Planning the moon landing with Programma 101
Olivetti’s ground-breaking research in the field of electronics was interrupted by two tragic losses, that of Adriano Olivetti in 1960, at the age of 59, and that of the head computer engineer Mario Tchou in 1961, at the age of 38, in a tragic car accident. This called restructuring, and Olivetti’s research lab dealing with computers and electronics was sold to General Electrics in 1963. However, a team of young and ambitious programmers, led by the engineer Pier Giorgio Perotto, secretly kept working in the Olivetti lab on a pioneering project. This was Olivetti Programma 101, which is thought by many to have been the world’s first desktop computer. Presented at the 1964 New York World’s Fair and commercially released the following year, Programma 101 was the first human-centred computer ever made: at a time when this kind of technology generally took up an entire room, a machine slightly bigger than a typewriter was indeed a revolution. As a testament to its success, NASA purchased ten Programma 101, which were also used to plan the Apollo 11 Moon landing.
Sinisgalli, a new Leonardo for the 20th century
An admirer of Leonardo Da Vinci, Leonardo Sinisgalli, too, was a man of many talents. After graduating in mathematics and engineering at the University of Rome, he declined an invitation to collaborate with Enrico Fermi, who went on to create the world’s first nuclear reactor, for which he received the Nobel prize for Physics. “I could have been among the young men who paved the way to the ‘atomic age’, instead I decided to follow painters and poets”, Sinisgalli reminisced. This choice, however, did not mean he suppressed his scientist self: on the contrary, he became a bridge between the two cultures. He worked as an Art Director for a number of Italian companies (such as Olivetti, Pirelli, Alfa Romeo, and Eni), and he founded and directed many important corporate magazines and publications, such as Civiltà delle machine (1953-79). Fascinated by robots, he did not see them as a threat to humankind, but rather as the natural product of intellectual curiosity. After all, he explained “people make machines like birds make eggs, oysters make pearls, snails make shells.”
The (cybernetic) Creation of Adam
In 1956, Leonardo Sinisgalli convinced Italy’s state-owned mechanical engineering company Finmeccanica to fund an ambitious project by cybernetician Silvio Ceccato. Ceccato’s goal was to be build a “mechanical brain”, meant to meant to provide a practical demonstration of how the human mind functions when formulating sentences. Indeed, Ceccato’s machine could formulate three philosophical sentences: René Descartes’ “Cogito ergo sum”, Gianbattista Vico’s “Verum et factum convertuntur”, and Hegel’s “Das Für-sich-sein im Anderssein ist der Prozess” Sinisgalli supported and promoted the project and even came up with a name for the machine, Adamo II, thereby making Ceccato a godly figure who gave life to his mechanic creature. Adamo II was presented in Milan at an important fair dedicated to automation. It amazed many, including then President of the Republic Giovanni Gronchi. The Catholic church, instead, considered the project to be blasphemous. Thus, when Adamo II disappeared while being transported to Rome by train, many blamed the Vatican. Ceccato, instead, believed the machine had simply been sold for scraps.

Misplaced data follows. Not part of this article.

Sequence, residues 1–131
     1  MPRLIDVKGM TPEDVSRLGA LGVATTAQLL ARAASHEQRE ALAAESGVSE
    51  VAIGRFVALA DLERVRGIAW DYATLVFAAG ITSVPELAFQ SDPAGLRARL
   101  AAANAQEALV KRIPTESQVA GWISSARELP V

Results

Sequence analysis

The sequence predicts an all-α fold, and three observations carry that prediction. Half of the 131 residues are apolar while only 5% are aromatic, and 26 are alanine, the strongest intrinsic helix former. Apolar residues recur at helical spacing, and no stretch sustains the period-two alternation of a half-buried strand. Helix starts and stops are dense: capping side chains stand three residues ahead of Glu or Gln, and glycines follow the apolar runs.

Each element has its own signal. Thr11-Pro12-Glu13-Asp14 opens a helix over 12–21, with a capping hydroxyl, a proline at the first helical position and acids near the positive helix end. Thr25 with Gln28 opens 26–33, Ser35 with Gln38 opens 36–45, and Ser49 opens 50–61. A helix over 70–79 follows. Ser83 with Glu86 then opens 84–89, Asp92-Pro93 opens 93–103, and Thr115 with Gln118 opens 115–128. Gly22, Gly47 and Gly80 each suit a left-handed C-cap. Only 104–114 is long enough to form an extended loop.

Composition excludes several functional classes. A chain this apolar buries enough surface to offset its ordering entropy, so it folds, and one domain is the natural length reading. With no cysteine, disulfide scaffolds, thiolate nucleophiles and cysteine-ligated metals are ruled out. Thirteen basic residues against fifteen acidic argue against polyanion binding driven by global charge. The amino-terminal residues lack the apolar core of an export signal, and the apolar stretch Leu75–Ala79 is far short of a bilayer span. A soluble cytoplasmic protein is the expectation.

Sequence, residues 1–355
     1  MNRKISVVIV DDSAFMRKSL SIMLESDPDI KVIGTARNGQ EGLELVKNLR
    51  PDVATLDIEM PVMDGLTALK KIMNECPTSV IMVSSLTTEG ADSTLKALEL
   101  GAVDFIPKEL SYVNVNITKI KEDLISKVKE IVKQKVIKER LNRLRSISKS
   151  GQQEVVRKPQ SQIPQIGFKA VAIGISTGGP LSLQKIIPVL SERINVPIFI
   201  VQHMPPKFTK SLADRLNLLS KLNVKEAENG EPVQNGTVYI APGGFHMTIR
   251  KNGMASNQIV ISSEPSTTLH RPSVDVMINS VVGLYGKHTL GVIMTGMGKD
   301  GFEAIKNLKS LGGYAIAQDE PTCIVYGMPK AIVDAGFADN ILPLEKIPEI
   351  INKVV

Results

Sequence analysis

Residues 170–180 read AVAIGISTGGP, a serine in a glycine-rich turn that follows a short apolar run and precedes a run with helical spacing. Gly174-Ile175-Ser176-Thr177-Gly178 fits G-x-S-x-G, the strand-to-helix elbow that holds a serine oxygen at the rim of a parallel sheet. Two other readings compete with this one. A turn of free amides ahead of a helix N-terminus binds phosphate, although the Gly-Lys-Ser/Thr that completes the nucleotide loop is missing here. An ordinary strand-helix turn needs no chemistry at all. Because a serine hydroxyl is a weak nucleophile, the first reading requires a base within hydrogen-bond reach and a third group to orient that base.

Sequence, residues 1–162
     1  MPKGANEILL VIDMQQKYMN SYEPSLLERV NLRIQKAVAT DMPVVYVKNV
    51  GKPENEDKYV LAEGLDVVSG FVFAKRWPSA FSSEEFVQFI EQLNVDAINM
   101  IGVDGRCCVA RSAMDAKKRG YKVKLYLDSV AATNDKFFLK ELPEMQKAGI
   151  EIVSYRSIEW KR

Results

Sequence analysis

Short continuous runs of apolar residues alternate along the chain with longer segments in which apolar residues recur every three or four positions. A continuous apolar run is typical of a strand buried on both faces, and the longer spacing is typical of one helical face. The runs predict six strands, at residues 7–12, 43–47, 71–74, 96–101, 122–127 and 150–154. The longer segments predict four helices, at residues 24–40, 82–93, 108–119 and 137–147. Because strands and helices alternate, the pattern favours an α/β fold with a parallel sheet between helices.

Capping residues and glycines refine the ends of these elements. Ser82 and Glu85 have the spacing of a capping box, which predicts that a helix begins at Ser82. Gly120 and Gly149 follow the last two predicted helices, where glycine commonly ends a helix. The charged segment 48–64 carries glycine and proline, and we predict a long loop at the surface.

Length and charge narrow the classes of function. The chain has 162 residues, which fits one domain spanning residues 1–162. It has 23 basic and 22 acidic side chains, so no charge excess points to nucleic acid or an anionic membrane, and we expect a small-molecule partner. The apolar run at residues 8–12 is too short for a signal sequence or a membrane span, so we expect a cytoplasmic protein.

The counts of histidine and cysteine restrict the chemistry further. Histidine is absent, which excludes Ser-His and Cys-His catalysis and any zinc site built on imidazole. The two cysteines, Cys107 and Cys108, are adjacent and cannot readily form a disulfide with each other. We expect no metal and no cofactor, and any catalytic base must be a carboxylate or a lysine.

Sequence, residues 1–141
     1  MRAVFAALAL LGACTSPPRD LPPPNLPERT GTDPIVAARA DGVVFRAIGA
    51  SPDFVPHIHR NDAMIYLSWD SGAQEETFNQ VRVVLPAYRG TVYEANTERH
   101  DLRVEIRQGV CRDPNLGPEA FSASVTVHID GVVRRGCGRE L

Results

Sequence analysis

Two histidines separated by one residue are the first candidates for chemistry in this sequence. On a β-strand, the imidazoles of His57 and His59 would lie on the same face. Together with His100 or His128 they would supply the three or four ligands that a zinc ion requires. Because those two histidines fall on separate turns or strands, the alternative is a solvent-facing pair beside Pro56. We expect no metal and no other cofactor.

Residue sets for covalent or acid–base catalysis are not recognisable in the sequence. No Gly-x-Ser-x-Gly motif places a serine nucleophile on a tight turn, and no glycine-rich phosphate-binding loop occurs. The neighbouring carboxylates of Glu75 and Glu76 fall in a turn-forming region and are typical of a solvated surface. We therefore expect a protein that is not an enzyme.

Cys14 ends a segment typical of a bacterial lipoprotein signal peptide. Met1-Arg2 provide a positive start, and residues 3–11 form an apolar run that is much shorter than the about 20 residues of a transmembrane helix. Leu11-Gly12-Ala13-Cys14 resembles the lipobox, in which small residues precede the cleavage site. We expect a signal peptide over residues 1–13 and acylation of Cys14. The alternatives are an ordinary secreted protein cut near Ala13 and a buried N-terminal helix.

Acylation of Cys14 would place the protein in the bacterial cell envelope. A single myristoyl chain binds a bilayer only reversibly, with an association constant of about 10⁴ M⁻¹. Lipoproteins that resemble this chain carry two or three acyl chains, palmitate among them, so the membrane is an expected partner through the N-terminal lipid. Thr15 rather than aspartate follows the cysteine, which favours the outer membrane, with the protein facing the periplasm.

Like a metaphysical frozen lake: ELEA 9003
When, in 1956, Olivetti decided to build the first Italian mainframe computer, what a computer was supposed to look like was still a matter up for debate. The company, internationally praised for its attention to design, hired the young Ettore Sottsass and entrusted him with shaping the external shell of the computers belonging to the Elea 9000 series. Sottsass, who later became one of the world’s most accomplished industrial designers, wanted the machine to communicate a sense of powerful impenetrability, and metaphysical distance. As if it belonged to a sci-fi movie, Sottsass wanted Elea 9000 to look like a “frozen lake”—sleek and translucent. On the other hand, Sottsass also wanted his design to facilitate collaborative work. Therefore, unlike other mainframe computers, Elea 9000 was divided into multiple modules, only 1.5 metre tall, so as to allow people working on it to see each other from above the machine and to use the space between the blocks as corridors to reach one another. With Elea 9002, Sottsass won the prestigious Compasso d’oro industrial design award.